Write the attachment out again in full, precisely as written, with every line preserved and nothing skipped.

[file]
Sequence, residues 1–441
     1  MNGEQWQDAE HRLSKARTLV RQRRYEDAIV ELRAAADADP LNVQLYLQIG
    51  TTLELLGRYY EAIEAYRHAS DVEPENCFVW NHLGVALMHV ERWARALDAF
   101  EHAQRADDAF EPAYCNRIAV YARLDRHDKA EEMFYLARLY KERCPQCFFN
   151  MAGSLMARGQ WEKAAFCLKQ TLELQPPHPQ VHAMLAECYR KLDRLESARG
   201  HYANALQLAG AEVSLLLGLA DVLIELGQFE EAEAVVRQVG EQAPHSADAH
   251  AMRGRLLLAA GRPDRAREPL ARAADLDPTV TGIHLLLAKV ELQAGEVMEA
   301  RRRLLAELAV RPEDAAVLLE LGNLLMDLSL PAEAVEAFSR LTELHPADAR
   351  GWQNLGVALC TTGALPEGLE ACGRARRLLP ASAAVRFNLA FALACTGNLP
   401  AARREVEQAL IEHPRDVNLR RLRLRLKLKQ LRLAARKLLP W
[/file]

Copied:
Sequence, residues 1–441
     1  MNGEQWQDAE HRLSKARTLV RQRRYEDAIV ELRAAADADP LNVQLYLQIG
    51  TTLELLGRYY EAIEAYRHAS DVEPENCFVW NHLGVALMHV ERWARALDAF
   101  EHAQRADDAF EPAYCNRIAV YARLDRHDKA EEMFYLARLY KERCPQCFFN
   151  MAGSLMARGQ WEKAAFCLKQ TLELQPPHPQ VHAMLAECYR KLDRLESARG
   201  HYANALQLAG AEVSLLLGLA DVLIELGQFE EAEAVVRQVG EQAPHSADAH
   251  AMRGRLLLAA GRPDRAREPL ARAADLDPTV TGIHLLLAKV ELQAGEVMEA
   301  RRRLLAELAV RPEDAAVLLE LGNLLMDLSL PAEAVEAFSR LTELHPADAR
   351  GWQNLGVALC TTGALPEGLE ACGRARRLLP ASAAVRFNLA FALACTGNLP
   401  AARREVEQAL IEHPRDVNLR RLRLRLKLKQ LRLAARKLLP W